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Artist Amy Sillman has characterized color as producing “physical propositions,” noting the personality and unique characteristics, such as variance in weight, that are inherent to different pigments. Painter Nick Aguayo seems to align with Sillman’s notion here, as his current exhibition at Vielmetter Los Angeles employs color similar to the way one might cast actors for a production, relying on both their intrinsic character and the constructed relationality to one another to produce a wholly new set of terms. All of the paintings included are loud and frenetic, and are loosely unified by the common employment of straight-from-the-tube red, green, and blue. In alphabet soup (2019), textured pockmarks from aborted decisions left in the layers underneath complicate the surface’s seemingly insensate flatness. Aguayo’s works are a palimpsest of arbitrations, in turn both overwrought and understated. This multivalent sensibility of vulnerable deliberation, paired with the stripped-down and flat look of the paint (made hyper-matte with the addition of marble dust) makes the works appear as trusted and honest. It supplants any notions of coldness or staleness (that are often associated with abstraction), with a much-needed post-ironic dose of joy, sincerity, and fallibility.
Color does a lot of the heavy lifting in this exhibition. The greek tycoon (2018) hangs within a cluster of paintings on the front gallery wall, and stands out for its jarring introduction of canary yellow. Its flat, colorful forms resemble a set of arches mid-collapse, mirroring one another and flanked by jutting strips of red, black, and midnight blue. Unlike previous bodies of work by Aguayo, executed in more muted tones, the blues, reds, and greens in this exhibition conjure the hues of 3D glasses or the RGB effect that comes from sitting too close to the TV. Retro associations, such as Sister Mary Corita Kent’s rambunctious prints or the hot blotches of color in Warhol’s Flowers come to mind. But despite these period associations, the works remain invariably in dialogue with contemporary nonrepresentational painters who leave visible the vestiges of earlier decisions and hesitations. Perhaps this is because, like in the work of L.A.-based painter Allison Miller, it is the compositional acrobatics that inevitably keep the viewer engaged—forms always seem to be acting on one another or undergoing some transformation. Forms are nouns as well as verbs in this context, as they slice, rotate, or obscure what we see.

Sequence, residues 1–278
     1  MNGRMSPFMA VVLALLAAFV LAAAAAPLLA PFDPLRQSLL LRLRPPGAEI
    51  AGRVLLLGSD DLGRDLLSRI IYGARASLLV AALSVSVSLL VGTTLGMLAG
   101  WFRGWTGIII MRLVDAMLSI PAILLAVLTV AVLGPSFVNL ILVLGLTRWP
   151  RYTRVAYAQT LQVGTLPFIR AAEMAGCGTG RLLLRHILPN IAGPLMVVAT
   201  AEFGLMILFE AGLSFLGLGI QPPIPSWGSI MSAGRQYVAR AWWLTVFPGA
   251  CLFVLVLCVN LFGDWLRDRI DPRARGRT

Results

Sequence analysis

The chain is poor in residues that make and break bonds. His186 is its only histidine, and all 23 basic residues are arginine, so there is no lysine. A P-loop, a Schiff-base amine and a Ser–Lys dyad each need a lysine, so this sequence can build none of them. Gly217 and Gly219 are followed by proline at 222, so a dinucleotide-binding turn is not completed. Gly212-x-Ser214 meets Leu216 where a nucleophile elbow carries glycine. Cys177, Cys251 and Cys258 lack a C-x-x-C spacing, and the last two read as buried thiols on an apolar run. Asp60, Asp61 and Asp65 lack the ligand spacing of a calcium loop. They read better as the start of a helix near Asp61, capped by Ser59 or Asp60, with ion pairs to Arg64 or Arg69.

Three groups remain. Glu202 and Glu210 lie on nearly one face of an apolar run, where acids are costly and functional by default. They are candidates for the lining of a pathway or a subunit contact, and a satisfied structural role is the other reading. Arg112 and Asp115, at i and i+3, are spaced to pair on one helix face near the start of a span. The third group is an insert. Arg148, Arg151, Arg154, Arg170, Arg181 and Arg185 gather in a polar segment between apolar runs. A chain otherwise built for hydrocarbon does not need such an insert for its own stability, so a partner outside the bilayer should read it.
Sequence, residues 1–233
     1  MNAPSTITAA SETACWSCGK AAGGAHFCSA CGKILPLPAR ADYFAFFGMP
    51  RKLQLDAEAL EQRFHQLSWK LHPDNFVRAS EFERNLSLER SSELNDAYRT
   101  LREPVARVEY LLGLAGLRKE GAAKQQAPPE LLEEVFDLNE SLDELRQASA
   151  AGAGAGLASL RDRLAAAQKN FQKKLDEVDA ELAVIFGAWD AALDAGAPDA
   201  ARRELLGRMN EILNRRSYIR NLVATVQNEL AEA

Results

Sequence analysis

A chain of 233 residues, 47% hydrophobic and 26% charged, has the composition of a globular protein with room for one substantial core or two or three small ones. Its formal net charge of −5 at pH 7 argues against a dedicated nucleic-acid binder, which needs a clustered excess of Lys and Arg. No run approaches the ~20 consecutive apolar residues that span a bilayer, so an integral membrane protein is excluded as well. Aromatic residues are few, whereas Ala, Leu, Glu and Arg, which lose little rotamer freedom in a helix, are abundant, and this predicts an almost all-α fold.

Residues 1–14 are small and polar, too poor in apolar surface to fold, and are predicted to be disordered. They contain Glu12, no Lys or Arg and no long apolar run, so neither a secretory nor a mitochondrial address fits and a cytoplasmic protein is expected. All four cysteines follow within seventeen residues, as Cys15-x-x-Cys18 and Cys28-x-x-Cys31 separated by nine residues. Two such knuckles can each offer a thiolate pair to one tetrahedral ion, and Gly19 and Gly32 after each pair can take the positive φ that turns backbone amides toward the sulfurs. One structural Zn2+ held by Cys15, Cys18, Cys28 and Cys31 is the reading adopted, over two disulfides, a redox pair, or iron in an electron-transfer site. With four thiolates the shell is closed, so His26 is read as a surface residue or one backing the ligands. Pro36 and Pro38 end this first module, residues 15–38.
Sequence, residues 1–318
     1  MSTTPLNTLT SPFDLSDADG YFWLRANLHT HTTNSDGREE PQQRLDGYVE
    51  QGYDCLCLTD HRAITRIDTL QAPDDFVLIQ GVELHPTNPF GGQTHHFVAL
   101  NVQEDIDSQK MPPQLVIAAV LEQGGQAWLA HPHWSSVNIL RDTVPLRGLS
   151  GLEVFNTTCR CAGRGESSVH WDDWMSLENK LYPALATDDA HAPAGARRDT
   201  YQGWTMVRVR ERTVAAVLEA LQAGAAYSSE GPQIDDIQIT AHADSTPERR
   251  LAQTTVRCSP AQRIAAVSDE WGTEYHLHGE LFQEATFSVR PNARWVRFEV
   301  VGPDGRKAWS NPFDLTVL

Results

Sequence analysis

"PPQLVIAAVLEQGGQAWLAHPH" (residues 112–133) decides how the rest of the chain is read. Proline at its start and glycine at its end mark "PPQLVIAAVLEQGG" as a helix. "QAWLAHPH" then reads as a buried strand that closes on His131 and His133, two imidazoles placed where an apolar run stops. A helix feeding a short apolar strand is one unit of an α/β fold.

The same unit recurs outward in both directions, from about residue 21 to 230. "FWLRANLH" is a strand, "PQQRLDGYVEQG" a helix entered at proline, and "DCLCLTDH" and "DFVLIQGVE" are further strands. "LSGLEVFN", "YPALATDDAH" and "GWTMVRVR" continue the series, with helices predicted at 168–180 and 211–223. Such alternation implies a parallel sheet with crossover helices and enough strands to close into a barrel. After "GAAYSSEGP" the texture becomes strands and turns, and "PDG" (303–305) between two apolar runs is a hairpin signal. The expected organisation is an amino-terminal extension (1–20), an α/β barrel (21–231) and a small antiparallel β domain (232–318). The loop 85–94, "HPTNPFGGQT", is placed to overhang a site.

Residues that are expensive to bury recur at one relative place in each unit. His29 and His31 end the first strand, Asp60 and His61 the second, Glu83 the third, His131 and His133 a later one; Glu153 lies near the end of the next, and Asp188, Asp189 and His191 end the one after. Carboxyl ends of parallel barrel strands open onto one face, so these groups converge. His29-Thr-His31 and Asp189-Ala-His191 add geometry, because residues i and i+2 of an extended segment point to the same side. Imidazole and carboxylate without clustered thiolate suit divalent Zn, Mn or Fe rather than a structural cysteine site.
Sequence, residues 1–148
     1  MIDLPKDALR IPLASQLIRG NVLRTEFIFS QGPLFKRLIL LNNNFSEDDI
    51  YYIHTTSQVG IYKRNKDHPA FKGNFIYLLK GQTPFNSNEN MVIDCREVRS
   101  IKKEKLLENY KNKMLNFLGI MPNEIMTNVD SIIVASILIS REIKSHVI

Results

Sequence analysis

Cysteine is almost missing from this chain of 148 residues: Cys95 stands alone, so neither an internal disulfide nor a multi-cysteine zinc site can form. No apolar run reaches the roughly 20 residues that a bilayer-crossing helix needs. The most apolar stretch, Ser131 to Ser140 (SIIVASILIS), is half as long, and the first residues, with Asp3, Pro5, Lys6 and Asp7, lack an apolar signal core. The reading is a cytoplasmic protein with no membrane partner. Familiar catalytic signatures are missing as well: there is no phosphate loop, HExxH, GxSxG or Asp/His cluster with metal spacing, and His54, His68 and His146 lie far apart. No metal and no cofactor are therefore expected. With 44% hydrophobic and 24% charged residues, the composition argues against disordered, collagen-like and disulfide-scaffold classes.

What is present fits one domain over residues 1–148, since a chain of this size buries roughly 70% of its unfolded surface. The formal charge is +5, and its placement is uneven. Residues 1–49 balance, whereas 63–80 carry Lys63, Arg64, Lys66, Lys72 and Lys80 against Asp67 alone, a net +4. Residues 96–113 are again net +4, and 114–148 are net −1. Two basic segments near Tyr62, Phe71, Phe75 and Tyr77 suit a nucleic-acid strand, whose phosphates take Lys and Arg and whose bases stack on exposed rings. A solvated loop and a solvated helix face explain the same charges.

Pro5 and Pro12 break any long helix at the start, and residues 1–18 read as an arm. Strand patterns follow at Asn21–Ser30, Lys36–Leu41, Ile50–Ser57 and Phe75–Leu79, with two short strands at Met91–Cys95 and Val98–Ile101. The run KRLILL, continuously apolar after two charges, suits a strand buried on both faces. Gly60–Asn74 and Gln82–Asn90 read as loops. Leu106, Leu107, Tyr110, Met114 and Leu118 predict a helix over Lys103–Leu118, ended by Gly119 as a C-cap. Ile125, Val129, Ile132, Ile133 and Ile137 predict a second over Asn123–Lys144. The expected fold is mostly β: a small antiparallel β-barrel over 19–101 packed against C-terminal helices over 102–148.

Aguayo’s visual lexicon works because he productively stymies the logic of his own forms and colors before they reach a formulaic point of exhaustion by throwing in red herrings—as with the yellow arches or surprise pops of color painted onto the sides of the raw canvases. The revelation of process, the “editing” of the image made visible, eschews the self-assured heroism of the old guard of abstract painting while upholding doubt as the necessary catalyst of—perhaps the true subject of—experimentation.
Nick Aguayo: Wake the Town and Tell the People runs from September 7–October 19, 2019 at Vielmetter Los Angeles (1700 S. Santa Fe Ave. #101, Los Angeles, CA 90021).